You found the perfect home. You walked over the threshold at the open house, took a good look around, and thought to yourself, you know, I really think this could be it. So you checked out the neighborhood, and researched the local schools. You calculated the length of your future commute. This *is* it, you decide. This house is definitely the one.
You hammered out the details with your real estate agent, and you submitted an offer. You started dreaming about your future: Thanksgiving dinner in that dining room. Sunday mornings making breakfast in that kitchen. Snuggling on the sofa in front of that fireplace. A few days pass. And then, the phone call. Bad news. The sellers have rejected your offer.
Having your offer rejected by a seller can make you feel the same way you feel when you’ve been dumped by a romantic partner or passed-over by a potential employers. Why did this happen? What did I do wrong?
Understanding some of the more common reasons sellers reject buyers can help you avoid making the same mistakes.
Rejected Offer Reason #1: Your Offer Was Way Off the Mark
Looking for a bargain is one thing. But if you’re hoping to score a deal on your home purchase, sending lowball offers to home sellers can backfire. Instead of leaving yourself room to negotiate upwards, your too-low offer can put off a seller entirely.
On the flip side, offering well over a home’s asking price isn’t a great idea, either. Sellers know that an offer that can’t be financed isn’t a real offer at all. Even if you’d be willing to pay an over-the-top premium to own a particular home, your mortgage lender isn’t likely to agree. If your offer is pie-in-the-sky high, a smart seller will reject your outrageous offer outright.
And while including some contingencies with your offer are normal and necessary, unusual or impossible requests can lead to rejections. (Think: requests for major renovations or heirloom furnishings.)
How to Deal: Choosing the exact amount for your purchase offer can be tricky. A savvy real estate professional can help you craft your offer proposal—and that includes helping you settle in on a reasonable offer amount. And remember: every concession or contingency you request is a potential reason for a seller to say no. For the best chance for acceptance, your offer’s contingencies should only include real dealbreakers.
Rejected Offer Reason #2: Someone Else Wants it More
Housing inventory is pretty tight in most U.S. markets right now — especially on the starter-homes-for-first-time-homebuyers end of the price spectrum. So when good homes come onto the market, it’s not unusual for a seller to receive multiple offers. And if everything else is equal, most sellers will go for the buyer who made the highest bid.
How to Deal: If a seller accepts a higher competing offer, there’s really not much you can do about it. Generally speaking, your initial offer amount should be pretty close to what you’d actually be willing to pay for the seller’s home. If you were willing to pay more but didn’t say so, you can’t really fault the seller for choosing someone else’s higher offer.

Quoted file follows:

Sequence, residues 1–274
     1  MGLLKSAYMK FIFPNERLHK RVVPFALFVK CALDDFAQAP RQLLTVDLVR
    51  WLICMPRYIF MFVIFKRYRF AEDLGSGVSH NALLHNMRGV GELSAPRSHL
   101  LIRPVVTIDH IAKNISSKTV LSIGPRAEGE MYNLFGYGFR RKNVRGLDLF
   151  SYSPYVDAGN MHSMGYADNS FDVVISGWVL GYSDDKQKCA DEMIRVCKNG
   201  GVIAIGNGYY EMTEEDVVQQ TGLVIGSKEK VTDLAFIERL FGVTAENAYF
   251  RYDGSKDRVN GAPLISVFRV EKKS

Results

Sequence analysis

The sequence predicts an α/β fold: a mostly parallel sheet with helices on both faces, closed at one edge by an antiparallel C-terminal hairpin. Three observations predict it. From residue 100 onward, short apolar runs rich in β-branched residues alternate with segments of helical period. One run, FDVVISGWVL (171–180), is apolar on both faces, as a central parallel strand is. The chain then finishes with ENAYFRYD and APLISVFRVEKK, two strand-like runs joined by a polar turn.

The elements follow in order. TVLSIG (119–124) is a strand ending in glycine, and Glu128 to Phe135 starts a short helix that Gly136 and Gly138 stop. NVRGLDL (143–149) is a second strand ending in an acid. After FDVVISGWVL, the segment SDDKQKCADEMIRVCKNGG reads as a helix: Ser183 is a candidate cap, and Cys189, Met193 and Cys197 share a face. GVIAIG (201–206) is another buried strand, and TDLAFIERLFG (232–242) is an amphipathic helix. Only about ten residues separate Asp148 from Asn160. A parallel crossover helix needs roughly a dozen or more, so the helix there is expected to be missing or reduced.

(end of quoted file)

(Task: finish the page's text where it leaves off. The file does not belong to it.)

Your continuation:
Sometimes, sellers will let buyers know that they’ve got competing offers in an attempt to get a higher selling price. If you can afford to pay more and you think it’s worth it, increasing your offer might help you close the deal. Just be careful here. Bidding wars can get ugly. At some point, just a little bit more becomes just too much. Be prepared to walk away if bidding goes up over what you are willing and able to pay.
Rejected Offer Reason #3: You Haven’t Secured Financing
This one’s pretty straightforward: most sellers are pretty interested in how you intend to pay for their home, should they sell it to you. If the seller agrees to sell to you, but you can’t get financing, the seller has wasted their time. And that means most sellers will flat out reject offers that don’t include information about how the buyer intends to finance the home purchase.
How to Deal: Unless you are sitting on a mountain of cash, you need to get pre-approved for a mortgage before you make an offer, period. With Morty, getting pre-approved is easy and pretty painless. You’ll have a letter to show potential sellers that says you’re a serious buyer with likely access to sufficient financing.
Rejected Offer Reason #4: Sellers Are People, and People Have Feelings
Remember: when you submit an offer on a house, you’re asking a person to sell you their home. And people have lots of feelings about their homes. Sometimes, strong feelings cause sellers to behave irrationally.
So, perhaps you submitted a fair and reasonable offer based on the actual market conditions in your area, but the sellers have an overinflated sense of what their house should be worth. Maybe it took having an offer on the table for the seller to realize he wasn’t ready to sell the home after all.
How to Deal: Some deals just aren’t meant to be. If you are confident that your offer was fair and reasonable, and a seller rejects it anyway, there’s really not much you can do.
Having your offer rejected by a seller is a bummer, but it’s not the end of the world — or the end of your home buying journey. Everyone’s home buying story is a little bit different. Take a deep breath, and remember that there are other
fish in the sea homes on the market. The perfect home for you might be just around the corner.